Study Finds Lifelong Link Between Bush, Flawed Intelligence

Washington – A Pentagon-sponsored study to be released Friday has found that President Bush has relied on deeply flawed intelligence since his birth. The report finds the intelligence, given to Bush by Bush, has been “almost wholly flawed,” and that it “has led to what appears to be an unending series of misguided decisions and actions, which have sometimes led to injury to George W. Bush or to others.”

The nonpartisan commission, formed by the Pentagon to delve into intelligence failings prior to the 2003 invasion of Iraq, engaged in extensive research of the intelligence Mr. Bush received prior to the war. What they discovered, according to Jason Margline, one of the report’s authors and a member of the commission, was that the problem was much deeper.

“We didn’t anticipate the extent of this,” Margline said. “We kept going further and further back, and eventually realized the issue wasn’t just with the intelligence prior to the war, but to President Bush’s intelligence throughout his entire life.” Margline said the committee found evidence of several stark instances where Mr. Bush’s flawed intelligence nearly led to disaster. “For instance, when he was seven, he tried to eat a rock. He thought it was an egg. And from the research we conducted, it seems his brain did in fact interpret the rock as an egg. Of course, it wasn’t, it was a rock. And naturally, his mother and father were alarmed when he bit into it. Several times.”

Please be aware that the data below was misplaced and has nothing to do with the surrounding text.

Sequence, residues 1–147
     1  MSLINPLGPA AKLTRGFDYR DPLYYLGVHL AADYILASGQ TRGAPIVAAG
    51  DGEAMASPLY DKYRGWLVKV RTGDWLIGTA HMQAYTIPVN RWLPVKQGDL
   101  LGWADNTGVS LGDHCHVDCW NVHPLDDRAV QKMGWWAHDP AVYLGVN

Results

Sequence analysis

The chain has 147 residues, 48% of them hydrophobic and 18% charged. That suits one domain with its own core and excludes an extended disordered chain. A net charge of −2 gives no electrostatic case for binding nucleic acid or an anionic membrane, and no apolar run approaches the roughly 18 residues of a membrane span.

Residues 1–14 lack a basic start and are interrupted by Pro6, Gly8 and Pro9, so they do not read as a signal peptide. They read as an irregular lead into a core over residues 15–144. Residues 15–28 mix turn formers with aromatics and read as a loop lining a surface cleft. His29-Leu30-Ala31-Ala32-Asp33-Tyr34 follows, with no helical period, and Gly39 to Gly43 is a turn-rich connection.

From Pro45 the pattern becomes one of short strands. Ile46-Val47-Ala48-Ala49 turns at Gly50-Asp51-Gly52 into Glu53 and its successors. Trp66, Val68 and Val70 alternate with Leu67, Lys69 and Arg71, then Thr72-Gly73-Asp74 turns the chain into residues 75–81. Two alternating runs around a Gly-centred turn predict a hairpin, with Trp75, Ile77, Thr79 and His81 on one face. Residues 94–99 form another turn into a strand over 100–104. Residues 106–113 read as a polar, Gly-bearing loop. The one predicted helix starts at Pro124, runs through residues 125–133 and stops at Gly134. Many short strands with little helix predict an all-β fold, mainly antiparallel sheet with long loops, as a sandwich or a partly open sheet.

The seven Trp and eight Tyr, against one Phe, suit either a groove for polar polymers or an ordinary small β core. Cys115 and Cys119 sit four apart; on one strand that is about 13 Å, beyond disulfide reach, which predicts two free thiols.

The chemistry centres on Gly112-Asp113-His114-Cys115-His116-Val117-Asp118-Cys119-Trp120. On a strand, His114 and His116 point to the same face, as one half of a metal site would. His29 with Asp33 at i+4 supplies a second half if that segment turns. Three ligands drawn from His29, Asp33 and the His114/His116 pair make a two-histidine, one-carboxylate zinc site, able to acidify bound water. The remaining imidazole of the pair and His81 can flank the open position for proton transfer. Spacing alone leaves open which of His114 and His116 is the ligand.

A few years later, another incident occurred, this one coming when Mr. Bush was about fifteen years old. “He was out on a boat with his brother, Jeb. And they were fishing. And when they were done, they pulled the boat to shore and got out of the boat. Well, George told Jeb he wanted to take a swim. So he removed his shirt and shoes, and jumped off the boat and into the sand. Jeb looked at him, startled, as George made swimming motions and tried to dive down deeper into the sand. And, of course, that didn’t work.”

President Bush, when asked about the report’s findings, said, “Well, I don’t put too much weight in these studies. Or I don’t put too many weight. Which is it, too much or to many weight? Well, anyway, what I was going to say is, the report is mistaken. My intelligence is completely satisfactory. No, it’s better than satisfactory. It’s inadequate.”

March 12th, 2008 by